Wednesday, May 14, 2014

Magical Thinking and Identity Politics

Robert Weissberg writes at Taki Magazine about the Donald Sterling brouhaha, and makes the following observation:
Central to magical thinking is the belief that thought in and of itself can have tangible real-world consequences. For example, someone dies after you imagined his death, though you are totally innocent of causing it. Add magical thinking and pure coincidences become a causal relationship: “I thought him dead and therefore he died.” In many Earth cultures, silence prevents hexing the outcome; this is why you don’t count your chickens before they hatch. Jews, fearing His wrath, are forbidden to utter God’s name and instead use multiple substitutes. The anthropologist Bronislaw Malinowski associated magical thinking with primitive tribes (“savages”); Sigmund Freud saw magical thinking as a childhood trait, e.g., trying to receive a gift simply by wishing it.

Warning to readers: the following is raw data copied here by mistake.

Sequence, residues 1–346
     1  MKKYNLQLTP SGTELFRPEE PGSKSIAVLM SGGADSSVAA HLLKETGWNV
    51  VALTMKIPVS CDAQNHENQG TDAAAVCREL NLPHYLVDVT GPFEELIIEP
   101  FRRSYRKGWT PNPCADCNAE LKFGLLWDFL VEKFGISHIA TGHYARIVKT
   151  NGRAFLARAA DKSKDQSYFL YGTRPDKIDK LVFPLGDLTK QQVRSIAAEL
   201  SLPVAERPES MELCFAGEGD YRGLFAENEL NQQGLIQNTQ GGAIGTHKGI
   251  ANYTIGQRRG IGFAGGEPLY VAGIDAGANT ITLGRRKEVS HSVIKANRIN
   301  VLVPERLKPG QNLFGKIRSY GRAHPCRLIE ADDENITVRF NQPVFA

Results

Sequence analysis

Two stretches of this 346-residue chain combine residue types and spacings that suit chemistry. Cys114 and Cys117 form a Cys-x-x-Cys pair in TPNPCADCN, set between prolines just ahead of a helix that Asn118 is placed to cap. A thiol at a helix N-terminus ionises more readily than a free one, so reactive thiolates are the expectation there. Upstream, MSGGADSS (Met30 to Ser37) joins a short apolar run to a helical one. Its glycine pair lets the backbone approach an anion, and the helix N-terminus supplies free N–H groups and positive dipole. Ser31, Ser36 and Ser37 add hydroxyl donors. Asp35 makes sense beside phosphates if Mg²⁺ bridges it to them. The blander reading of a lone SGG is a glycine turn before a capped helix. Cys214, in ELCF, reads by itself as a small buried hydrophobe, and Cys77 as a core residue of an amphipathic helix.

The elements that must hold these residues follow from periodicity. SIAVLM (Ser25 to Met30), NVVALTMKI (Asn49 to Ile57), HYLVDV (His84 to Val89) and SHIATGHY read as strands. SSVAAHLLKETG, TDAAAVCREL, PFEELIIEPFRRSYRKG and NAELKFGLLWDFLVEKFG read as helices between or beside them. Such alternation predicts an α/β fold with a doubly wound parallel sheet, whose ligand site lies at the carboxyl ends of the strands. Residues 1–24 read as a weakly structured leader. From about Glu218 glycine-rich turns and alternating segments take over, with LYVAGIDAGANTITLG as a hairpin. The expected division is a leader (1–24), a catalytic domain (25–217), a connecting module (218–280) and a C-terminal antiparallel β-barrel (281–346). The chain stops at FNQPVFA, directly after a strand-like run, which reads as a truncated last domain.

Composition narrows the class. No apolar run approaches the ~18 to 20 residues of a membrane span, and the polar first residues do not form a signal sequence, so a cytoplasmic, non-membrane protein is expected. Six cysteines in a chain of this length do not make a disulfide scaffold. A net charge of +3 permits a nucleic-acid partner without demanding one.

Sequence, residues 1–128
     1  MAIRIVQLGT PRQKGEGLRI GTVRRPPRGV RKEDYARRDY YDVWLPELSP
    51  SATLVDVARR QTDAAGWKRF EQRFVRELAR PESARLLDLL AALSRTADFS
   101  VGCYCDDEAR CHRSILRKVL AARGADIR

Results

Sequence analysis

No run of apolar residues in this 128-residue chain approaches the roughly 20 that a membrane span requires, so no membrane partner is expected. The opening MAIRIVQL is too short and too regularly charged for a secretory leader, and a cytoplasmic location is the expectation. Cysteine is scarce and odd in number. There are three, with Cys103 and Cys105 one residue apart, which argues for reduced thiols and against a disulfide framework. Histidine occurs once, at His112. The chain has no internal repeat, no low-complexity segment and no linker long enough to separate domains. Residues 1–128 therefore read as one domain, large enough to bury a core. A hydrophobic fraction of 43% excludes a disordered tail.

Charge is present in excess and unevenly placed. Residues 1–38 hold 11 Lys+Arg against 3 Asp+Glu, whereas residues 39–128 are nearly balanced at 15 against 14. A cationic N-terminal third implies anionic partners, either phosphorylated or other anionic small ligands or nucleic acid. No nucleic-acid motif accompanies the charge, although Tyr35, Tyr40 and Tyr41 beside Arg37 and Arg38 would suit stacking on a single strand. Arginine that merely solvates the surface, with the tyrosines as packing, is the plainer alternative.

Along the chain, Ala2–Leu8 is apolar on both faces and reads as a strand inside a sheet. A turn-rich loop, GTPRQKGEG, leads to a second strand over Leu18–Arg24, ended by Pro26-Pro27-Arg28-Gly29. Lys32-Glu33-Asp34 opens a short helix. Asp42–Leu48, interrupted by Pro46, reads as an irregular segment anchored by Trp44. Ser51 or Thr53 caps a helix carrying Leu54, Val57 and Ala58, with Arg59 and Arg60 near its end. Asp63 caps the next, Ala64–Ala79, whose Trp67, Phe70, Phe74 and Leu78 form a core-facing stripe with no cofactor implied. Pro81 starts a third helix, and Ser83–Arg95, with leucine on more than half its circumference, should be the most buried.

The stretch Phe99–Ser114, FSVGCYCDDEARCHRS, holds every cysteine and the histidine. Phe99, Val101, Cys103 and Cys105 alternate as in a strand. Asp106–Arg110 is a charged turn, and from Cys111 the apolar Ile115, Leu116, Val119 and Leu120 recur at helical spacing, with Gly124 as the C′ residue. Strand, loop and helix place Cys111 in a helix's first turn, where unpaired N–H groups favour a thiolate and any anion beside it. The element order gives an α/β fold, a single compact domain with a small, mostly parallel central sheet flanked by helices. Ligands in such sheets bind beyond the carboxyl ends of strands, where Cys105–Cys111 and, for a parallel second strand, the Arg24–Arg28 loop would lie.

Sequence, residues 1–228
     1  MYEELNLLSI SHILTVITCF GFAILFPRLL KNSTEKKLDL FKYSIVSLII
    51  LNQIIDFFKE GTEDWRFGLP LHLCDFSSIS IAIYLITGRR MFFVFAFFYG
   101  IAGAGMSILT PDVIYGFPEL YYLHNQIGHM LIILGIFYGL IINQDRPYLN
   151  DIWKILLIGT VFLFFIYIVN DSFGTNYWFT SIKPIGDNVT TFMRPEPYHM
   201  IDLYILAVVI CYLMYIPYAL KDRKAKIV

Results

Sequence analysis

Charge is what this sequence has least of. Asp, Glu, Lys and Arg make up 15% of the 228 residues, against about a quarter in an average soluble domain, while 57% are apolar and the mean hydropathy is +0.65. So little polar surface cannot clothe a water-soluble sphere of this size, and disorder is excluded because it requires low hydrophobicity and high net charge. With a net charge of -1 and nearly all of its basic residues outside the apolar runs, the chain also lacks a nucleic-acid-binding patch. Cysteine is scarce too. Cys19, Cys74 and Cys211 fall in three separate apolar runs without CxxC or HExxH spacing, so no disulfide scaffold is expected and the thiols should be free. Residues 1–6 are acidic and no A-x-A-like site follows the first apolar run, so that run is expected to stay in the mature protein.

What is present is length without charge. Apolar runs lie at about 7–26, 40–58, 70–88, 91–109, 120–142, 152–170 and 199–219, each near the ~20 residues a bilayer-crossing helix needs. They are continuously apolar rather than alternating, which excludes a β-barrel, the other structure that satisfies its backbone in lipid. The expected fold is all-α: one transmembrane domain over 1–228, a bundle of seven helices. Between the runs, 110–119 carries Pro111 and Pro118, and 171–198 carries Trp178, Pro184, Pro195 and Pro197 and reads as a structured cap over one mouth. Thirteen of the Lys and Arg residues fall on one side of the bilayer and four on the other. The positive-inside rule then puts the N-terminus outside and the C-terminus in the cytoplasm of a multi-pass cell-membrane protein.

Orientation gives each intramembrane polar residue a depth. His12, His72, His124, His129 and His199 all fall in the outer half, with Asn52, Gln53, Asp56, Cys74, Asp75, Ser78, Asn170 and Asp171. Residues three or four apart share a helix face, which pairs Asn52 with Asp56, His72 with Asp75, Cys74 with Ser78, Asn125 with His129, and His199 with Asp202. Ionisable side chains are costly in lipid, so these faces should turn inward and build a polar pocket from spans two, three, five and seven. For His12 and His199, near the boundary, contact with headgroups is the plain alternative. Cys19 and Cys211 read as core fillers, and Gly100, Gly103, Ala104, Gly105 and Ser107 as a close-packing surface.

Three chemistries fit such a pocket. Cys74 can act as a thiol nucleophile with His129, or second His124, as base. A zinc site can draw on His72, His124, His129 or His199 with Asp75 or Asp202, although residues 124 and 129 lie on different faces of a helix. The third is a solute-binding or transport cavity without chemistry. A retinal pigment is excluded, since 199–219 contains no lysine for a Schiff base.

The mother of all examples is white racism. There is a belief common among blacks that a white’s mental state can debilitate black people independent of any overt harmful behavior. The very invisibility of this force makes it magical.  ...
 I prefer the allusions to thought police, but I suppose "magical thinking" is more in line with the fanaticism of the left.

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